The past year has been an educational one for me in regard to book publishing. I am not yet published, but have no doubt it will happen. In the mean time though, I thought I would share with you what I have learned so far.
A year ago I posted that I finished my first book, a fiction novel, The Stalking Horse. I thought I knew a lot, but in reality I was an uneducated boob! I knew virtually nothing about:
- Finding an agent
- Query letters
- Manuscript length, and apparently
- Fiction genres
Twitter has become my new best friend. In my initial search for agent was spent on Google. What I quickly learned is that A LOT of literary agents are active on Twitter. I started following each agent I could find simply to learn what I could from the experts. I currently follow about 450 agents and the information I have learned from their posts has been phenomenal.
Secondly, I thought that writing the book was the hardest part of getting published. Boy was I wrong! Actually it is the query. The query letter is a one page formal letter sent to, in my case, potential literary agents to “pitch” a novel in hopes of getting representation. Now I feel I am a really good writer but this one little page has been the bane of my existence. Fortunately I was lucky enough to win a query review from a professional so I have had some guidance, but the art of describing your novel in a couple of compelling sentences is a daunting task.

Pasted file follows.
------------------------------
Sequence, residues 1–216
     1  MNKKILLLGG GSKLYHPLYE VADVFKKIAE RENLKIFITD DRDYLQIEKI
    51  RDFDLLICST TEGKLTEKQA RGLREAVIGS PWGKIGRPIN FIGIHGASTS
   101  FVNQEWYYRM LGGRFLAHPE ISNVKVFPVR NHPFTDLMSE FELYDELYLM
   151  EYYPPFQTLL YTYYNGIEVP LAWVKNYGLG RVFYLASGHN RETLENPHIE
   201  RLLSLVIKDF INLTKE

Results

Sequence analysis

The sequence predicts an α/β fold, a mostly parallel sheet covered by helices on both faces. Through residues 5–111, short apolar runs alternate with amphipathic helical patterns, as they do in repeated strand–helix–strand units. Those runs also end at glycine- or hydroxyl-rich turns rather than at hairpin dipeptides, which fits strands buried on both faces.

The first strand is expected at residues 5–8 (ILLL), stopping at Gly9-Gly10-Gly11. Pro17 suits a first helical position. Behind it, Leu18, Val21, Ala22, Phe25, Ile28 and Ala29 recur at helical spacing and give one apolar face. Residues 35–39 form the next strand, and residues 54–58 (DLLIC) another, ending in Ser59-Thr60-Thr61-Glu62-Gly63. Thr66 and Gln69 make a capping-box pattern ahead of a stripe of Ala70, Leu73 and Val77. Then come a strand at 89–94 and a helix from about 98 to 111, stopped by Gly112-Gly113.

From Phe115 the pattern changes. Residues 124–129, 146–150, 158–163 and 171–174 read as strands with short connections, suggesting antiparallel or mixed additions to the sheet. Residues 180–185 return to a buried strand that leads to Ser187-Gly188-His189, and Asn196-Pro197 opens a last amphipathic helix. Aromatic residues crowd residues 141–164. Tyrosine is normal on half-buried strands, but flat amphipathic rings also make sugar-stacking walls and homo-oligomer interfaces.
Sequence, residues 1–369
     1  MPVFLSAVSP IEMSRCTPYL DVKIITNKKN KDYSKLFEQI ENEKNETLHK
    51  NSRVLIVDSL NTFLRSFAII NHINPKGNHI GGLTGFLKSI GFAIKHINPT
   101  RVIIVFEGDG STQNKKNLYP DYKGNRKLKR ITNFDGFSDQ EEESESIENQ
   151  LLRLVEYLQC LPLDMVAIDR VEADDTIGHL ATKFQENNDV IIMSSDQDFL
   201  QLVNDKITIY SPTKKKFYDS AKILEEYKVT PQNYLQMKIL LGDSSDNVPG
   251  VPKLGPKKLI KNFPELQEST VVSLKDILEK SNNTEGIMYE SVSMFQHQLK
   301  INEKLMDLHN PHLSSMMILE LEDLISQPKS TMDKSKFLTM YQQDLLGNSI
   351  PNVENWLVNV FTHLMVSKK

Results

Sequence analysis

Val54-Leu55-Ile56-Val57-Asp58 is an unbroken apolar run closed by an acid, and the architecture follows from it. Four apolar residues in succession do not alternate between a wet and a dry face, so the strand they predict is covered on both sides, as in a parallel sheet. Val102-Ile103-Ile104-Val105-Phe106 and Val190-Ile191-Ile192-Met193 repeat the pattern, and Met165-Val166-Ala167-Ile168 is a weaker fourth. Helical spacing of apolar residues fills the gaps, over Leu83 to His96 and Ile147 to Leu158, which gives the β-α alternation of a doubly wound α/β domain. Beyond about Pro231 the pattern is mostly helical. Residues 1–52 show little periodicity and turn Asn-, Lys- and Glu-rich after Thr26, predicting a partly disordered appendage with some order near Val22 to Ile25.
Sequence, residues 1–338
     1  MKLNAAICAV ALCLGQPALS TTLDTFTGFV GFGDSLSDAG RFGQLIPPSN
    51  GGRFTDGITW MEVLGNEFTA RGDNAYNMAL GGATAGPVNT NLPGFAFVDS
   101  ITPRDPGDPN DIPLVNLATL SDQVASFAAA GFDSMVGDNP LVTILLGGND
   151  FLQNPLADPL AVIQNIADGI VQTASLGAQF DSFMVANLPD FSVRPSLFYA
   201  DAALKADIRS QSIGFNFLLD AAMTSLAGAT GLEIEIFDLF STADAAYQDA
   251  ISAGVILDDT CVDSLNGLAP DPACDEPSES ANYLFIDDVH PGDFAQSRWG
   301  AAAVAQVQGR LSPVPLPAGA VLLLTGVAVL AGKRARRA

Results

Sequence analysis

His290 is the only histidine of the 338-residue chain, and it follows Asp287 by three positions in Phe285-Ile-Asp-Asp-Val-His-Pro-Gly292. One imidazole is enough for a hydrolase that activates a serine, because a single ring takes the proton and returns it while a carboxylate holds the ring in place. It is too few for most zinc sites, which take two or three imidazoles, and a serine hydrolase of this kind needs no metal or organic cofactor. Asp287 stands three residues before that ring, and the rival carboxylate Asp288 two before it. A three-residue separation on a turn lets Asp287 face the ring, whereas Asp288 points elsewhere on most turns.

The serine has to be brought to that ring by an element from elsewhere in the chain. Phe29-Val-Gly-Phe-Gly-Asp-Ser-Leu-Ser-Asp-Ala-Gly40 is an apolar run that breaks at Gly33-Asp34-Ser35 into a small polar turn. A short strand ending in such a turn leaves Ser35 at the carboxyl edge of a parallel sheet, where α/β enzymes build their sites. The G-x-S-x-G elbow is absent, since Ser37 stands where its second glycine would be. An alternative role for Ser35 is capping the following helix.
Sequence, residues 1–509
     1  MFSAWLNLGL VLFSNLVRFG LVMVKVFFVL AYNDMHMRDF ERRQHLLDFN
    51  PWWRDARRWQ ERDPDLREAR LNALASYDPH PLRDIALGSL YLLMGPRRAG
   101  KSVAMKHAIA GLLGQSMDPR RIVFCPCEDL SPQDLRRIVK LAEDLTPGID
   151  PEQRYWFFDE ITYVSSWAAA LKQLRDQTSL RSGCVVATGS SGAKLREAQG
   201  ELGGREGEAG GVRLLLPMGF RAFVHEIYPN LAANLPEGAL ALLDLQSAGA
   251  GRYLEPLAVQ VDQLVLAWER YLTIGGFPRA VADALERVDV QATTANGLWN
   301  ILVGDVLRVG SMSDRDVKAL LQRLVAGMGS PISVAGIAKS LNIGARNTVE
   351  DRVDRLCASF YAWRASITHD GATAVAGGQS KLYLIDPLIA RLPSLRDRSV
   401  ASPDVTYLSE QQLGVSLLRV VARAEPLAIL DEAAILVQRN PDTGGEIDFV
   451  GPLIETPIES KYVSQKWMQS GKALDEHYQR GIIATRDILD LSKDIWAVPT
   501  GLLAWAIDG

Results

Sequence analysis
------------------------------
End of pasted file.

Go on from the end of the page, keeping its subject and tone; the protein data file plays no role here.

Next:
Then there was the little task of lengthening my manuscript. As it is, it still might be a little short at 55,000 words, but nevertheless I feel this book is complete at that length. In the past year I have reworked my book probably 15 times, adding and paring as I saw fit.
Finally, I thought my book was a Thriller, but I learned it is actually a Cozy Mystery. I read a lot of books, and I was sure mine was a thriller, but as soon as it was identified as a cozy mystery, it seemed so obvious. Genre is really important because certain agents represent only certain genres. Send it to the wrong agent, you’ve just wasted your time and the agent’s. You don’t want to do that, the literary agents have enough to do without having to sort through a missent query.
I have learned a lot, and I have received rejections. Through it all I will keep writing.
“Ever tried. Ever failed. No matter. Try Again. Fail again. Fail better.” Samuel Beckett